7 Best Headlines Types for High Open Rates

weiner headline rise and fall

Best headlines of all time courtesy of this man

For many people, opening their email accounts and clearing their inboxes have become a daily morning ritual.

Sometimes its the very first thing we do when we wake up.

It is not uncommon for many to click on the Select All button and delete messages.

But sometimes, there is that one email with a compelling subject line that manages to save itself from being automatically sent to the trash bin.

Email marketing is a powerful tool that every business should take advantage of despite the popularity and prevalence of newer platforms like social media.

But there is a big difference in using emails and getting great returns from it — and no, you do not have to rely on luck.

Over the last 6 years of writing marketing emails, I’ve gotten much better at getting high open rates.

Tips for Creating the 7 Best Headlines for High Open Rates

Use Flattery

By using flattery on your subject line, you immediately capture your recipient’s attention. This type of headline works best when you are trying to recruit a professional to join your organization or if you are inviting an important person to an online or offline event.

Avoid the temptation to use this headline if you want to sell a service or product or the classic bait and switch method.

Use The Element Of Surprise

Some businesses have an enviable email list. However, they can only leverage this if their recipients actually read the emails they send. If you have noticed that many recipients on your list are not actually opening your emails, surprise them with an unexpected subject line.

Then, on the message’s body, ask them why they aren’t reading your email and solicit advice on how you can offer something of greater value to them.

Relate To Your Audience

The main purpose of any business is to provide a real solution to its target consumers. When composing a subject headline, consider making one that will appeal to the recipient’s situation. It would also be helpful to back your claims with specific data like statistics.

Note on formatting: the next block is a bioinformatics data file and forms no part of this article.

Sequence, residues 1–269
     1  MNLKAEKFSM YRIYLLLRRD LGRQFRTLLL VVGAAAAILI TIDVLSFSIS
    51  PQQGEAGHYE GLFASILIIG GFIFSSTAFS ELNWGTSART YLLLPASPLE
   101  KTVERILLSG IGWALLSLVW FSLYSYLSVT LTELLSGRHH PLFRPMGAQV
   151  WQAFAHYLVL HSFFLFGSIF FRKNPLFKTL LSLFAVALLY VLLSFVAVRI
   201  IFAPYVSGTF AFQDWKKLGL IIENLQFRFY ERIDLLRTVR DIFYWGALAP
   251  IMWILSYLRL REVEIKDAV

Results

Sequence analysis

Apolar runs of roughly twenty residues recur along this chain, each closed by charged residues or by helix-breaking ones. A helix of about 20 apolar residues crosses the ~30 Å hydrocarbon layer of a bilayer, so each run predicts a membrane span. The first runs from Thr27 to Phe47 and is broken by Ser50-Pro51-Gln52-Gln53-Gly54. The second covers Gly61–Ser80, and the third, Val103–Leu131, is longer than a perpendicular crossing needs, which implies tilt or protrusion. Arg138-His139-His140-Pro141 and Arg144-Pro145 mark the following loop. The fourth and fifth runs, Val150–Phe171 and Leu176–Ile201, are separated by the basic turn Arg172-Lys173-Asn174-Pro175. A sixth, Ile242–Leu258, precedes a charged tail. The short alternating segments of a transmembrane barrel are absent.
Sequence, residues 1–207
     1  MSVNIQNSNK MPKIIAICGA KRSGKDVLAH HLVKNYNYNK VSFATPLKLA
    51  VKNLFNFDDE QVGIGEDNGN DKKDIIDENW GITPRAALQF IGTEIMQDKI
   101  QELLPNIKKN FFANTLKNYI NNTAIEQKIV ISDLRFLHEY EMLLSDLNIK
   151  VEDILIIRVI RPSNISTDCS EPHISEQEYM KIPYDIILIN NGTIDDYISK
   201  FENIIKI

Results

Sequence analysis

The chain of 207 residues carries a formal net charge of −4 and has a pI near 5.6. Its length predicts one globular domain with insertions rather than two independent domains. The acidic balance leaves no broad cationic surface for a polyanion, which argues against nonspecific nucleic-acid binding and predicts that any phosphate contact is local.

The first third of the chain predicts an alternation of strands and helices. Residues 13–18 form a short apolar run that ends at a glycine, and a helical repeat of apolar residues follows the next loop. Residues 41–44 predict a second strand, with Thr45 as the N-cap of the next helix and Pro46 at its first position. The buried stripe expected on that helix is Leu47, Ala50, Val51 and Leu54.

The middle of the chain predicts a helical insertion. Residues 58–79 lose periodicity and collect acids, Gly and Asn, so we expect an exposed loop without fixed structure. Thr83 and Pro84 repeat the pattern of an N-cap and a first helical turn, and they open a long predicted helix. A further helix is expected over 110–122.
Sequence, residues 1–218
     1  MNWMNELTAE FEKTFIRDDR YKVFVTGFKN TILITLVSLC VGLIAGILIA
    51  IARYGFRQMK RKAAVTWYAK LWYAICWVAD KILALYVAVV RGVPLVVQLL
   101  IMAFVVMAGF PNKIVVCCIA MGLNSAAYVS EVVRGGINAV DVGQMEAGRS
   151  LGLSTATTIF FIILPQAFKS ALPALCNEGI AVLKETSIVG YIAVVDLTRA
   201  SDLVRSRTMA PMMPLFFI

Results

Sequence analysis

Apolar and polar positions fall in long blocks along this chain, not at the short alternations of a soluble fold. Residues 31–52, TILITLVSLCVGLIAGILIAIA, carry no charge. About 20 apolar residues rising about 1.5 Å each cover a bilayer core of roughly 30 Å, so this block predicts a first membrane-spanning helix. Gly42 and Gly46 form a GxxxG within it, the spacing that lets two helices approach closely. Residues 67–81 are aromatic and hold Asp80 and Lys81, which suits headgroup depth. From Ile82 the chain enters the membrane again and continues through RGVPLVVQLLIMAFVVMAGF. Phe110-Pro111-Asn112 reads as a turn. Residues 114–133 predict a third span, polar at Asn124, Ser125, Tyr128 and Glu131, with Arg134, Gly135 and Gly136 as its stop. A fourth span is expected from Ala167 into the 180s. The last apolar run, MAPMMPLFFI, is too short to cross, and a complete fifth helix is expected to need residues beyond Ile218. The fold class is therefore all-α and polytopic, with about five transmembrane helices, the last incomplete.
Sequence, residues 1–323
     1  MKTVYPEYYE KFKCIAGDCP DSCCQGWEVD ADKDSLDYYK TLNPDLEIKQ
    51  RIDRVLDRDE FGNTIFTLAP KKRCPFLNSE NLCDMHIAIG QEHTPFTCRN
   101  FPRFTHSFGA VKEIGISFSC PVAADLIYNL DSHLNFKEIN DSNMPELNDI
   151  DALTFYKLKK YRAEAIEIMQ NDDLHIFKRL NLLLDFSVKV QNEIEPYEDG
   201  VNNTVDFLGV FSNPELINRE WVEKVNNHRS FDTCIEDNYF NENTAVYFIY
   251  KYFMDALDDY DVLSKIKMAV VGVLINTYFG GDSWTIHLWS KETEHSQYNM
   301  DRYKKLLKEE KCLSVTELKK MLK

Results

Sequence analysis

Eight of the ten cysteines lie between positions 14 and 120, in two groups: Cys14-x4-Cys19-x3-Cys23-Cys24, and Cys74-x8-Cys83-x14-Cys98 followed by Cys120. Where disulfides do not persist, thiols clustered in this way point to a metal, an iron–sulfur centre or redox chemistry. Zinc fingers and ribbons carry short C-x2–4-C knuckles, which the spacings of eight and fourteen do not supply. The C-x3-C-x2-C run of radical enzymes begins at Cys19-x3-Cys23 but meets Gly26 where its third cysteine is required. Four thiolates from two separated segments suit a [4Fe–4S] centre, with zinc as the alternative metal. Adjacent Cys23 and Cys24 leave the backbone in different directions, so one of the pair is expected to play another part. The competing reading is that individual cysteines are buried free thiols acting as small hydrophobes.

Use Stats

Often, you’ll get website visitors who will browse to see what your business offers. However, due to a number of reasons, they do not purchase or get your service. In order to reconnect with these interested consumers, try swaying them with statistics that will capture their attention as well as establish credibility for your business and its offerings.

Offer Something For Free

Who doesn’t want to receive a gift? Offering something of great value is one of the best ways to connect with subscribers. One way to do this is to share useful content through your auto-responder.

Clean Your Email List

It takes time to build an email list. However, it is highly likely that many of your subscribers are not exactly reading your emails. Sometimes, you really cannot do anything about these subscribers and neither do they want to purchase or get your service.

If you try to offer your current subscribers a way to opt out of your list, you can zero in on those who are genuinely interested in your business and what it can offer for them.

Appeal To People’s FOMO

Fear of missing out or FOMO is a relatively new phenomenon that emerged along with the rise of social media platforms. Essentially, as people look at their social media feed, they get a feeling of regret for not being able to enjoy something because they opted out.

In using this tactic, make sure to personalize the subject line. In the message’s body, make a compelling case of what the recipient will miss out on if he or she does not take advantage of your offer.

About the author

Brian Ainsley Horn

Brian Ainsley Horn is considered to be the “pioneer of authority marketing”, which has exploded in popularity recently. His unique methods have been talked about and covered on The Howard Stern Show, Wall Street Journal, ABC, Perez Hilton, CBS News , Forbes, Advertising Age and dozens of other media outlets. Brian is the co-founder of the consulting firm, Authority Alchemy, and also writes for Huffington Post and Entrepreneur Magazine about authority marketing and personal branding.

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